difference between “remains only” and “only remains”

I wrote the following in an article. It remains only to eliminate the intersections which can be proven to be empty. My proofreader corrected to the following by changing the word order. It ...
3
votes
1answer
3k views

what word class do the words 'so' and 'really' belong to? (intensifiers or adverbs)

Some sources say that 'so' and 'really' are intensifiers and the dictionary says 'so' and 'really' are adverbs, which leaves me confused. Are they intensifiers, adverbs or both? Are intensifiers a ...
3
votes
1answer
937 views

Contradiction of “only so much”

I was taught that so means very. "You are so busted," means, "You are very busted". Now because of people saying things like, "I can only do so much," I thought they were saying, "I can only do ...
3
votes
1answer
3k views

Why do we use “awfully” as an intensifier?

First, consider this sentence: We lost the game because we played awfully. Since "awful" means "very bad," it makes sense that "awfully" means "very badly." Now, consider these two sentences: ...
2
votes
2answers
195 views

Comparative form of adjective “starving”

There is a way to say hungrier, but my question is whether there is any way to use the same form with starve. I searched and found nothing. I would like to know the comparative adjective of starving.
2
votes
2answers
269 views

Well as an adverb modifying an adjective

I notice that there has been a change in the word well. Examples are: She's well nice. It's well good. Is this a West of England term (I lived there for a while), or has it just entered the ...
2
votes
6answers
11k views

Is there a way to intensify “blooming” in “The flowers are blooming”?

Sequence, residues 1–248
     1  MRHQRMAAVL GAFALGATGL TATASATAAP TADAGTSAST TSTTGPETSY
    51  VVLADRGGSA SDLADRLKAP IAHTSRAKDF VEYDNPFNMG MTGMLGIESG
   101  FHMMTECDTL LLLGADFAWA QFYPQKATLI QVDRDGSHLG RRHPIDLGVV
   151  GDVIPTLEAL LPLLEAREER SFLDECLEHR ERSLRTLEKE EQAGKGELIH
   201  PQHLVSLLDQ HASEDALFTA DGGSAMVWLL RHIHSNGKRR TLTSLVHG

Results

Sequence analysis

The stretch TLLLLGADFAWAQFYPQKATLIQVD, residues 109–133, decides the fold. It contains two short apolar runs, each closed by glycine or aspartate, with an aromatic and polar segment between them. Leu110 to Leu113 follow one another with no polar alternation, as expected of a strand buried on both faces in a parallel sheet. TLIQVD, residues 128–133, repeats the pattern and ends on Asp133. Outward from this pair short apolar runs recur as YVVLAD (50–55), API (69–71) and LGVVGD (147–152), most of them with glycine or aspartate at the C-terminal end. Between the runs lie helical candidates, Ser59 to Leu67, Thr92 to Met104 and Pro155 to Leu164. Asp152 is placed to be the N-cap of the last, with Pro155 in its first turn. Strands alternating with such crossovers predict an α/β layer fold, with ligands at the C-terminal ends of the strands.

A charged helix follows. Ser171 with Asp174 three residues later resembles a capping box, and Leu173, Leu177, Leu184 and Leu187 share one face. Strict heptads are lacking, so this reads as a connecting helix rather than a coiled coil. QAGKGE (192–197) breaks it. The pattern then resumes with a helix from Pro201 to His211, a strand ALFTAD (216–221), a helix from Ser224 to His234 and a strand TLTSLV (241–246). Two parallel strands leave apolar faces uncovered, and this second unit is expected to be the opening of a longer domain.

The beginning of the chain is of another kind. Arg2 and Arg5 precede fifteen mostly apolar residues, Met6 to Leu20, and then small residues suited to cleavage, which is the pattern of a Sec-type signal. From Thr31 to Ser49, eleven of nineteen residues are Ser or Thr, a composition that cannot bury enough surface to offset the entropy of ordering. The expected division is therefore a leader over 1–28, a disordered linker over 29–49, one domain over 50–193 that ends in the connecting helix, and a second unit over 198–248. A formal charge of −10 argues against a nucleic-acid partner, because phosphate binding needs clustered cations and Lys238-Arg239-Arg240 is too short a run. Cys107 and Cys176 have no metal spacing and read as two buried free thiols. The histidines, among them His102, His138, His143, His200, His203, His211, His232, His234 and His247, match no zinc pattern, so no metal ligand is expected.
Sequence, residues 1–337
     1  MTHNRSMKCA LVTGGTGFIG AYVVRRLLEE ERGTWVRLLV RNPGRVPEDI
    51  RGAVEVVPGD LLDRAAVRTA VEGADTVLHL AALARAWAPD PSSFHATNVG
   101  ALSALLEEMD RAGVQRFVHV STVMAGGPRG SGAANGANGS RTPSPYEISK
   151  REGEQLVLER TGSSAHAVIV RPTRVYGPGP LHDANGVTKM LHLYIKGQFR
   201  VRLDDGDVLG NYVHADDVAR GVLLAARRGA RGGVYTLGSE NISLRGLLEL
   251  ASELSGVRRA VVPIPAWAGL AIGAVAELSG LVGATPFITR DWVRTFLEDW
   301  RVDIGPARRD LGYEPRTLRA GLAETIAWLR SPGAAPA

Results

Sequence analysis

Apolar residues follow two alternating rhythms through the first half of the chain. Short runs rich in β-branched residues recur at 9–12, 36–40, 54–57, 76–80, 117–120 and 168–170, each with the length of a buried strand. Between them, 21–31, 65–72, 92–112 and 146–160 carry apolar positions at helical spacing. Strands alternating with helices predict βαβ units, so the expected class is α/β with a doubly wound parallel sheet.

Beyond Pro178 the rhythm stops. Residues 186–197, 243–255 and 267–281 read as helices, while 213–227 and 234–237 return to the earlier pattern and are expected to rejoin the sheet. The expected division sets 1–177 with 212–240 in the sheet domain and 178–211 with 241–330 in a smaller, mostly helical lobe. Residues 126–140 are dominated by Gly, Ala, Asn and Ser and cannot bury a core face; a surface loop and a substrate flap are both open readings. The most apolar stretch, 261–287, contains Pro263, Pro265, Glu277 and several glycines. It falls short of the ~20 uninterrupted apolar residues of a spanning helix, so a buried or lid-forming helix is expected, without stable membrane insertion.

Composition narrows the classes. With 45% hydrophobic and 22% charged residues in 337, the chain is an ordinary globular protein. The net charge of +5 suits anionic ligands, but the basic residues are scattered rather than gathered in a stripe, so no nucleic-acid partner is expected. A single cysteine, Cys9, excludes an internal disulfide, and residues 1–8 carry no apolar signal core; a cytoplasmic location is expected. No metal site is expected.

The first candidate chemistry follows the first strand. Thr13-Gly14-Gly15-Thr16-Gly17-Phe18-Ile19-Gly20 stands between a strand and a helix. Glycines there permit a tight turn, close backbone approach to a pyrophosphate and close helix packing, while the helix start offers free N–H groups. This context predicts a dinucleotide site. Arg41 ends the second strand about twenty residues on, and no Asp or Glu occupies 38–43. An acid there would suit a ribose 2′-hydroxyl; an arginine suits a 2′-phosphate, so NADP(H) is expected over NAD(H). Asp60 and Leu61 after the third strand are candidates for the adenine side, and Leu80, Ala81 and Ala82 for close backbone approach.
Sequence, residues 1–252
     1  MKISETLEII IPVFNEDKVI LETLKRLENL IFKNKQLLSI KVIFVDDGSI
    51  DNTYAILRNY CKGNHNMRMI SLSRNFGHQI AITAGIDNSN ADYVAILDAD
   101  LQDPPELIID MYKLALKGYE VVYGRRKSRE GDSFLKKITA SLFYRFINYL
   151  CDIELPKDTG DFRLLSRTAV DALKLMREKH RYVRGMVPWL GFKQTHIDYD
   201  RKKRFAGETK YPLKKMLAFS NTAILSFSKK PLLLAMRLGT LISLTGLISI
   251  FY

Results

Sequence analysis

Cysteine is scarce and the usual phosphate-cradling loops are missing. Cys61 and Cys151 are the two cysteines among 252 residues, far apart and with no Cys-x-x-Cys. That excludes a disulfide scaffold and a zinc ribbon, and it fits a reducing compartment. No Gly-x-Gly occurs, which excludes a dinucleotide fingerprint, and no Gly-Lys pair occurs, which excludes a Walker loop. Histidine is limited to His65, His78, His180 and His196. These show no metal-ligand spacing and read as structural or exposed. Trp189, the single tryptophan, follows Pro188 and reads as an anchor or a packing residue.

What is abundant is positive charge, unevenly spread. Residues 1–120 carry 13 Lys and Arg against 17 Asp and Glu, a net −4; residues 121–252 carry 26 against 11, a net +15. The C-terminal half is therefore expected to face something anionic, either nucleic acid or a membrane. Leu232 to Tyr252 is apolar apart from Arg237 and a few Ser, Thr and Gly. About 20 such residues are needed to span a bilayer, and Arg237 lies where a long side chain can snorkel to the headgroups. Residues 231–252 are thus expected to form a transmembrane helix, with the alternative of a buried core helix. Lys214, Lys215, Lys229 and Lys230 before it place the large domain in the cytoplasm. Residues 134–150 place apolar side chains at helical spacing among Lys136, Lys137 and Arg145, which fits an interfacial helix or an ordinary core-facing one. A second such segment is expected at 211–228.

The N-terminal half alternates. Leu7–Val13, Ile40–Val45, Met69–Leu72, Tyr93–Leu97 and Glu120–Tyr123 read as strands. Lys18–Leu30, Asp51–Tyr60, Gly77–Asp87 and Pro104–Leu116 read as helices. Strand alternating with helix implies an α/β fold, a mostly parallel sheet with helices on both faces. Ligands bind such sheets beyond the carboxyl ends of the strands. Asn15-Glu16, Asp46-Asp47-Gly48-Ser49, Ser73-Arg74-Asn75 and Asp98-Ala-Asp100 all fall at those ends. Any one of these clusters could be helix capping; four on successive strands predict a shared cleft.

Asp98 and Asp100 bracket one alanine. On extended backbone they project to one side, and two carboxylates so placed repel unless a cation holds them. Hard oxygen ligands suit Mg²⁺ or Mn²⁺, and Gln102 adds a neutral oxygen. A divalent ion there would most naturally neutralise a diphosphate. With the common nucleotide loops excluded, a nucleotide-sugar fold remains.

In some languages, for example, in Korean, it is possible to intensify the act of blooming. For example, using the phrase 핍니다 would imply blooming, for example, simply "The flowers are blooming". ...
2
votes
3answers
156 views

How does suffixing adjectives with “ass” work out grammatically?

Why is it grammatically correct apparently to say, for example "My annoying-ass art teacher"? Or is it? If ass is a noun normally, then what part of speech is it when used to suffix an adjective? Can ...
2
votes
1answer
502 views

Why is “extremely longer” not correct (according to the ACT)?

The sentence that included the question was: In addition, LEDs last far longer than standard bulbs. Question: Which of the following alternatives to the bolded portion would NOT be acceptable? ...
2
votes
1answer
1k views

Past progressive with “always”

I am a student learning English. I learned in a class that either present or past progressive can be used to express a negative reaction to a situation. The explanations on the lecture note the ...
1
vote
1answer
309 views

Using “So” Followed by a Noun Phrase to Express Boredom, Disgust, Tediousness, Dullness, Banality

In the BBC TV series Sherlock’s episode two from series three, “The Empty Hearse", John Watson waxes maudlin over being left out of the loop for two years regarding Sherlock’s faked death. Sherlock ...